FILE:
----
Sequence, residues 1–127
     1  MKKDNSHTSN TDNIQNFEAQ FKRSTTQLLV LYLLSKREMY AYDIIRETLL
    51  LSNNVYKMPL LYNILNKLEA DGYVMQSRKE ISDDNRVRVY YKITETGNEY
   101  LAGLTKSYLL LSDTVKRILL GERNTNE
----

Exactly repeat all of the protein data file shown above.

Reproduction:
Sequence, residues 1–127
     1  MKKDNSHTSN TDNIQNFEAQ FKRSTTQLLV LYLLSKREMY AYDIIRETLL
    51  LSNNVYKMPL LYNILNKLEA DGYVMQSRKE ISDDNRVRVY YKITETGNEY
   101  LAGLTKSYLL LSDTVKRILL GERNTNE